Massive quake followed by a huge tsunami hit near northern Japan
Mar 11, 2011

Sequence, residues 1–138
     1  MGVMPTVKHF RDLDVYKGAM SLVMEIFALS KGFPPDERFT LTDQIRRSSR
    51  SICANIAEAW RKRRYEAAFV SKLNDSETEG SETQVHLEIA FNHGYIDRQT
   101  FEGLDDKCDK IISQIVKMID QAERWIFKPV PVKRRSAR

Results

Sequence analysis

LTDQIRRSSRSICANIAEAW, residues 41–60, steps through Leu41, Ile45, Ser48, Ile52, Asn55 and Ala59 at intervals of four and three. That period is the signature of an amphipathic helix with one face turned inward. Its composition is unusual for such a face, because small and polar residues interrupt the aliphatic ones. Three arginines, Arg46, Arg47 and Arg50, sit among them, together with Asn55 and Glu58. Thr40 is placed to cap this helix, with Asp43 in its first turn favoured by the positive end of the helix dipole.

See the latest Scripps information for the magnitude-8.9 earthquake near the east coast of Honshu, Japan, on Friday, March 11. • ANZA special event page for the Japan earthquake: http://eqinfo.ucsd.edu/special_events/2011/070/a/ • USArray special event page for the Japan earthquake: http://anf.ucsd.edu/spevents/2011/070/a/ • CDIP: A tsunami was generated after the earthquake which was recorded throughout the Pacific Ocean. The Coastal Data Information Program at Scripps Institution of Oceanography at UC San Diego's Pier pressure sensor is now showing the tsunami signal; it arrived at Scripps Oceanography at approximately 8:50 a.m. PST on March 11. CDIP Tsunami Events Page: http://cdip.ucsd.edu/?nav=historic&sub=datac&xitem=tsunami Preliminary analysis shows the tsunami arriving with an amplitude of over 40 cm and a period of 36 minutes. • FROM THE CROW'S NEST: Tsunami Arrives from Japan into San Diego Bay Scripps Institution of Oceanography Senior Captain Eric Buck observed the impact from the March 11, 2011, tsunami on the Scripps Nimitz Marine Facility (MarFac) on San Diego Bay, home of the Scripps oceanographic research fleet. Scripps operates one of the largest academic research fleets in the world, with four research vessels and the research platform FLIP. Since 1907, Scripps oceanographic vessels have played a critical role in the exploration of our planet, conducting important research in all the world's oceans. In the words of Captain Buck: From about 1000 to 1025 this morning, we observed abnormal currents just off the MarFac waterfront. We saw strong currents flowing to the north past MarFac into the basin off La Playa. The tide was flooding at this time, but under normal circumstances the current is weak and unobservable. More dramatic is what we observed from about 1030-1045 as the basin off La Playa had been filled to an unnatural level and now the current had reversed and was flowing (rushing) back out of the bay in a southerly direction. A series of standing waves approximately 10-12 inches high was observed immediately north of MarFac's northern property line (see photos 1 & 2 above). This outward rush of water created much turbulence and discoloration in the waters off MarFac (see additional photos above). All the white caps and choppy waters are from colliding currents - not the wind (it's a calm day here). A second, but weaker inflow/outflow was observed from about 1050 to 1120. As of 1:00 pm on March 11, similar surges were still occurring in San Diego Bay. Scripps research vessels in MarFac home port at the time of the tsunami were safely secured alongside the pier in preparation for currents anticipated from this amplitude event. Scripps ships around the world on March 11, 2011: Scripps Research Vessel Roger Revelle was safely in deep water off Taiwan. Scripps Research Vessel Melville remained in deep water offshore Chile until all threats from this event were over.
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